Plaintiff first argues that the Arbitrator overstepped his authority because the retroactive 21-day deadline had no basis in the CBA, the arbitral record, or the parties' past practice. It claims he invented the remedy out of whole cloth, and, because the award does not draw its essence from the CBA, this Court must vacate the Clarification Decision. [Id. at 27-28.] Here, the CBA limits the Arbitrator's authority as follows: The jurisdiction of the Board shall not extend to proposed changes in rules, basic rates of compensation or working conditions covered by this Agreement or any amendments thereto. This Board shall not have jurisdiction or power to add to or subtract from this Agreement or any amendments thereto or any agreement between the parties. [Id. at 29 (quoting JE*fn2 at 540).] Plaintiff argues that the Arbitrator added a new condition of employment applicable to the grievant, Mr. Asuncion. Further, it argues that the retroactive deadline was harsh, illogical, and absurd; it is unfair to demand that the parties should be held to a specific deadline known to no one at that time. Plaintiff argues that the Arbitrator, therefore, meted out his own brand of industrial justice, and the Clarification Decision must be vacated. [Id. at 30-31.]

Next, Plaintiff argues that the Arbitrator deprived it of due process by changing the rules in the middle of the game. That is, more than two years after the initial arbitration hearing, the Arbitrator inserted the new rule that Mr. Asuncion had to have figured out how to finish the reinstatement process within 21 days of the award. Plaintiff contends that courts have held that an arbitration award may be overturned where "procedural irregularities" result in fundamental unfairness. [Id. (citing cases).]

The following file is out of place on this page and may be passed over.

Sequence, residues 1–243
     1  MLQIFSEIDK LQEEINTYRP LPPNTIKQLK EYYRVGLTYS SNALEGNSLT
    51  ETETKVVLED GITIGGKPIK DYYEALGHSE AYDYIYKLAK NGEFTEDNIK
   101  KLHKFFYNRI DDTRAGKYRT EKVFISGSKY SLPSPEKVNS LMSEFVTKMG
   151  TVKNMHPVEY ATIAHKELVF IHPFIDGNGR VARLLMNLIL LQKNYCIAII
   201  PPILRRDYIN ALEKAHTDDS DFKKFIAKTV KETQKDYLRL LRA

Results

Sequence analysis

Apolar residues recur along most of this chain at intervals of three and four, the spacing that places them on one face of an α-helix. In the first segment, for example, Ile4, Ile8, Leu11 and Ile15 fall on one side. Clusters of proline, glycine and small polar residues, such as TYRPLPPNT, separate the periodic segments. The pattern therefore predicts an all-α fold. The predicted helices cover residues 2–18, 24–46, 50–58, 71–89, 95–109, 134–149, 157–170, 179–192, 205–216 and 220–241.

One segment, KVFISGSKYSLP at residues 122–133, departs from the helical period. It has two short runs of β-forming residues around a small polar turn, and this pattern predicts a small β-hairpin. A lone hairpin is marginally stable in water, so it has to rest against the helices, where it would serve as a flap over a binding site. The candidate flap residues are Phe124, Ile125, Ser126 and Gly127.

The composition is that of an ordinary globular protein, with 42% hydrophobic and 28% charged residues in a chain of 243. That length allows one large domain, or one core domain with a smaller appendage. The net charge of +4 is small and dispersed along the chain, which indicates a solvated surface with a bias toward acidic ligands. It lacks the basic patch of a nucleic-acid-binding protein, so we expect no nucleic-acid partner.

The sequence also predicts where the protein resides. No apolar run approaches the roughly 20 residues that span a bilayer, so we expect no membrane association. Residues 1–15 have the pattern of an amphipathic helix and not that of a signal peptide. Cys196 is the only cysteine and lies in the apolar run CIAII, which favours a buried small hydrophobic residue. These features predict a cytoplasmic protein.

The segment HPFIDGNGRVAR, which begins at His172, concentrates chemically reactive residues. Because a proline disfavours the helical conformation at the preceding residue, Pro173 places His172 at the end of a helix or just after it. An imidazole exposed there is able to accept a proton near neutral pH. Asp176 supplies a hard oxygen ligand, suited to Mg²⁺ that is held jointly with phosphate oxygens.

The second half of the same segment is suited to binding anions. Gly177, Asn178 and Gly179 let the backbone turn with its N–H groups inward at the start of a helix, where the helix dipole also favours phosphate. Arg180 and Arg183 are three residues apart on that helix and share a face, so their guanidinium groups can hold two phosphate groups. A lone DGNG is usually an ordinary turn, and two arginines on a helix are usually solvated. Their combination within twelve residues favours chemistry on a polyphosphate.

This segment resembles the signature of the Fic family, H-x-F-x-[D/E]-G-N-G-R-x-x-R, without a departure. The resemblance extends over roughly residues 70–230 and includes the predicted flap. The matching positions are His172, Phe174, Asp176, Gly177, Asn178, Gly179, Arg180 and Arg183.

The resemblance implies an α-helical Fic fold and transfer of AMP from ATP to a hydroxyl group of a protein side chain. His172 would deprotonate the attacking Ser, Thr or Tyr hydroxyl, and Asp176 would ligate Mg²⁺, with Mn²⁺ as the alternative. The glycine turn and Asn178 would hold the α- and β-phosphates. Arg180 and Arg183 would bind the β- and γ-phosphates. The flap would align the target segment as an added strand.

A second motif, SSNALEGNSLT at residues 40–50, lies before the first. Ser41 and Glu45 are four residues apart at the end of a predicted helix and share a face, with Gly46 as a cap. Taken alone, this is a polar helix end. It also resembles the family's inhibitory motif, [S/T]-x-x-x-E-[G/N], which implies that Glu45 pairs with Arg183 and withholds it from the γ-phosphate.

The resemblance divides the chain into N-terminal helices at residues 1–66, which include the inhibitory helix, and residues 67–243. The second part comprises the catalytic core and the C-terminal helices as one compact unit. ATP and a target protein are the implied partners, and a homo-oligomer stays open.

A. Defendant's Memorandum in Opposition

Defendant argues in its opposition that the Clarification Decision should stand, and that Plaintiff is asking the Court to set aside the Clarification Decision of the Arbitrator's Original Award, and to interject the Court's own judgment into a dispute governed by the RLA. It argues that the Clarification Decision is entitled to the same considerable deference afforded all labor arbitration awards, and urges the Court not to "judicialize" the arbitration process. [Mem. in Opp. to Pltf.'s Mot. at 1-2.]

Defendant first argues that the Arbitrator had a sufficient basis to clarify and interpret the Original Award in the manner he did, and that the Clarification Decision is consistent with the residual jurisdiction afforded labor arbitrators under federal law. It argues that, while the common law functus officio doctrine precludes arbitrators from reconsidering final arbitration awards because they lose jurisdiction over a dispute once they have fully and completely decided the submitted dispute, the doctrine is less strictly applied in labor arbitrations than in commercial disputes. [Id. at 19 (citing Glass, Molders, Pottery, Plastics and Allied Workers Int'l Union Local 182 v. Excelsior Foundry Co., 56 F.3d 844 (7th Cir. 1995)).] Further, Defendant argues it is well-accepted that courts may, when presented with an arbitration award that is ambiguous or incomplete, order the matter resubmitted to the arbitrator for interpretation, clarification, or fleshing out, and that this is consistent with the courts' reluctance to second-guess or to substitute their own judgment for that of an arbitrator presiding over a labor grievance. [Id. at 20.] According to Defendant, Mr. Asuncion's failure to promptly avail himself of the opportunity to return to work presented a contingency similar to those outlined in the Excelsior Foundry case, and permitted the Arbitrator to clarify and interpret his decision to address the contingency. Defendant argues that the Clarification Decision is consistent with the residual jurisdiction prescribed by law. [Id. at 22.]